April 5th, 2002, 03:20 AM
Unchecked buffer in the Multiple UNC Provider Could Enable File Execution
Title: Q311967: Unchecked buffer in the Multiple UNC Provider
Could Enable Code Execution
Date: 04 April 2002
- - Microsoft Windows NT 4.0 Workstation
- - Microsoft Windows NT 4.0 Server
- - Microsoft Windows NT 4.0 Server, Enterprise Edition
- - Microsoft Windows NT 4 Terminal Server Edition
- - Microsoft Windows 2000 Professional
- - Microsoft Windows 2000 Server
- - Microsoft Windows 2000 Advanced Server
- - Microsoft Windows XP Professional
Impact: Local privilege elevation and run code of attacker's
Recommendation: Administrators should consider applying the patch to
machines that allow unprivileged users to log onto them interactively
such as workstations and Terminal Servers.
Max Risk: Moderate
Microsoft encourages customers to review the Security Bulletin at:
The Multiple UNC Provider (MUP) is a Windows service that assists in
locating network resources that are identified via UNC (uniform
naming convention). The MUP receives commands containing UNC names from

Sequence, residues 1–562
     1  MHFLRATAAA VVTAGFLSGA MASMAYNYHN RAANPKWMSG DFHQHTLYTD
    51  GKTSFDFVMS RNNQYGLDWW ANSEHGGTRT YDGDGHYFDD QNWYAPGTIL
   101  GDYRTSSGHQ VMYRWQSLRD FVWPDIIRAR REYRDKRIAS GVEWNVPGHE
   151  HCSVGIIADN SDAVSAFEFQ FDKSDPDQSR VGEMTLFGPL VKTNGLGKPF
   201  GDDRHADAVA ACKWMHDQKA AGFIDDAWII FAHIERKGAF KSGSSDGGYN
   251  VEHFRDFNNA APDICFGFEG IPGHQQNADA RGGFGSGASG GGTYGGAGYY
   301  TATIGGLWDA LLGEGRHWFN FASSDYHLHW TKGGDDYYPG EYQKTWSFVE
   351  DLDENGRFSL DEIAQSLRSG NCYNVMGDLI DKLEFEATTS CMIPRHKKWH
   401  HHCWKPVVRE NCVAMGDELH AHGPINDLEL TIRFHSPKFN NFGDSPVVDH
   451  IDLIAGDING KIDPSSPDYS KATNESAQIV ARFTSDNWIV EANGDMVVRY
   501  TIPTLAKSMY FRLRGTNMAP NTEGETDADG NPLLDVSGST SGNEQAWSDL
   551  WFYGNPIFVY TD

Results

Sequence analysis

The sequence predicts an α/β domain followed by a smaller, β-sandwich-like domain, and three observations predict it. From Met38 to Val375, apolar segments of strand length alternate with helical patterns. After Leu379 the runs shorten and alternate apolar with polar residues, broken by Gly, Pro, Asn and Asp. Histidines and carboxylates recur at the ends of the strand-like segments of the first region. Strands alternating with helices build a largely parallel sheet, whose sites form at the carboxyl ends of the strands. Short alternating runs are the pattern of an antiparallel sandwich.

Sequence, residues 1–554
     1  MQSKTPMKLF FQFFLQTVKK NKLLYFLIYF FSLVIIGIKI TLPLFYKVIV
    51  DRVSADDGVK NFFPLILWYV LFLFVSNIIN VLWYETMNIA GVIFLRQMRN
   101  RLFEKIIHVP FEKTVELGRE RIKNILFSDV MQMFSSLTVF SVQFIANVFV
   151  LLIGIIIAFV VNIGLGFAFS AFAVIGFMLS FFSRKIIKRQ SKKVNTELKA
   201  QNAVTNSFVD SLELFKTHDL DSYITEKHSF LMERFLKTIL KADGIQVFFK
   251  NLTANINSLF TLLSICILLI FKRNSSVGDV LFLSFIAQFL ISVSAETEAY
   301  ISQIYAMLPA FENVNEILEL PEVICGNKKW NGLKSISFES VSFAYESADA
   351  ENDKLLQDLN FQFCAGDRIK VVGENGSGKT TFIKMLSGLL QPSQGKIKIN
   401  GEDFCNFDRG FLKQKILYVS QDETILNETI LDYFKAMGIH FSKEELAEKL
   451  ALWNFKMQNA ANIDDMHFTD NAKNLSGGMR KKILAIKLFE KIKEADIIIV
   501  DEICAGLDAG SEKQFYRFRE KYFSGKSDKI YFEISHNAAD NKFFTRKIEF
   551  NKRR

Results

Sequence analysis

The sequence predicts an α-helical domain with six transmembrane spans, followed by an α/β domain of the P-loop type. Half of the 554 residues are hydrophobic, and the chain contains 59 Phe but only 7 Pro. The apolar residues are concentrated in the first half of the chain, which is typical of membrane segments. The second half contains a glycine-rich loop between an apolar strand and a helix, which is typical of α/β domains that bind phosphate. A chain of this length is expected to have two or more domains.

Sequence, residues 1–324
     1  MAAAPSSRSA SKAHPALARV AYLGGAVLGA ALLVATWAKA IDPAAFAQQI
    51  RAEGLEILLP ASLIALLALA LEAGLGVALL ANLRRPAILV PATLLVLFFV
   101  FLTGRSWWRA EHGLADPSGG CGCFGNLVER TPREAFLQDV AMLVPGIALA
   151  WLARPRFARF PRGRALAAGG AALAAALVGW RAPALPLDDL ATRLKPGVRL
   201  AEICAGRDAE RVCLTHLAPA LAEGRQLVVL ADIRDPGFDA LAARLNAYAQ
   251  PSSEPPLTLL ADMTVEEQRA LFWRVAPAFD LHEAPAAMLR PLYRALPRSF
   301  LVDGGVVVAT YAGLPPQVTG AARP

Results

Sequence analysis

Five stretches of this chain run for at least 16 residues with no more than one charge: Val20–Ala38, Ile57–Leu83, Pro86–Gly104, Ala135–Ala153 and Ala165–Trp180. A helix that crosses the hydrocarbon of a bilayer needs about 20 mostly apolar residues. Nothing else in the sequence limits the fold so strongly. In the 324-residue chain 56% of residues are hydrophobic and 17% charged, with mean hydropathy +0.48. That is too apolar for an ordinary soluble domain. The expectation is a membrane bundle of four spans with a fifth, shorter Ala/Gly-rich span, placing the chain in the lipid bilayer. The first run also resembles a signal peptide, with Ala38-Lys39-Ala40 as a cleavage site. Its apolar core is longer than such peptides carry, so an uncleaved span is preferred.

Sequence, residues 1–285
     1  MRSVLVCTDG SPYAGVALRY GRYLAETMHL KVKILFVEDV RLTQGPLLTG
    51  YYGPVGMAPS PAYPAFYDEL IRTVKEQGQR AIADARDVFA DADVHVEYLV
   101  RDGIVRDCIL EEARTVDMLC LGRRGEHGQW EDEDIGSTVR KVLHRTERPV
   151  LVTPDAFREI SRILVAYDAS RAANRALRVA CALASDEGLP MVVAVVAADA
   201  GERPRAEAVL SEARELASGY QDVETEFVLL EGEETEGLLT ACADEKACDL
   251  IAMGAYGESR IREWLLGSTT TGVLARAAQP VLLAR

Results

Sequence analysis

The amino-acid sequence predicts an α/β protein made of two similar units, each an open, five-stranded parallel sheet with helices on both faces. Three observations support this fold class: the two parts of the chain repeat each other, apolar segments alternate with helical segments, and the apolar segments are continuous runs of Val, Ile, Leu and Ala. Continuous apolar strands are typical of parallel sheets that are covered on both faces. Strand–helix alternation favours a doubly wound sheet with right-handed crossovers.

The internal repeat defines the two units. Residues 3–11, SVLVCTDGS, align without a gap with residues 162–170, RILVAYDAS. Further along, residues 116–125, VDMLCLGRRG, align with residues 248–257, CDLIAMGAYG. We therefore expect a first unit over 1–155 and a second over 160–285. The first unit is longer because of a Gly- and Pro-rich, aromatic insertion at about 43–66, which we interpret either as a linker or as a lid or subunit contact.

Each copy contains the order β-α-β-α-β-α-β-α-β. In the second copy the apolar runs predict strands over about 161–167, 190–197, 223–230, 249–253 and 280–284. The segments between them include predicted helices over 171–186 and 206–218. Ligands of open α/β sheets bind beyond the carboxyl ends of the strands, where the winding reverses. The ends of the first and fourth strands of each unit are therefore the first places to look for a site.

applications and sends the name to each registered UNC provider, LAN Manager workstation, and any others that are installed. When a provider identifies a UNC name as its own, the MUP automatically redirects future instances of that name to that provider.
When MUP requests a file using the uniform naming convention (UNC), it
will allocate a buffer to store this request. There is proper input
checking in this first buffer. However, MUP stores another copy of
the file request in a buffer when it sends this request to a redirector. This second copy of the buffer does not check inputs correctly, thereby creating the possibility that a resource request to it from an unprivileged process could cause a buffer overrun. The overrun could be exploited for either of two purposes: causing a system failure, or running code on the system with Local System privileges.
- The MUP request can only be levied by a process on the local
system. As a result, the vulnerability could only be exploited by a user who could log onto an affected system interactively.
- On Windows 2000 systems, the vulnerability could not reliably be
used to run code. This is because the attacker would need to know where the buffer was located in memory, but in Windows 2000 this is not externally discoverable or controllable.
- Best practices suggests that unprivileged users not be allow to
interactively log onto business-critical servers. If this
recommendation has been followed machines such as domain controllers, ERP servers, print and file servers, database servers, and others would not be at risk from this vulnerability.
- Internet systems: Low
- Intranet systems: Moderate
- Client systems: Moderate
- A patch is available to fix this vulnerability. Please read the
Security Bulletin at
for information on obtaining this patch.
- NSFOCUS at http://www.nsfocus.com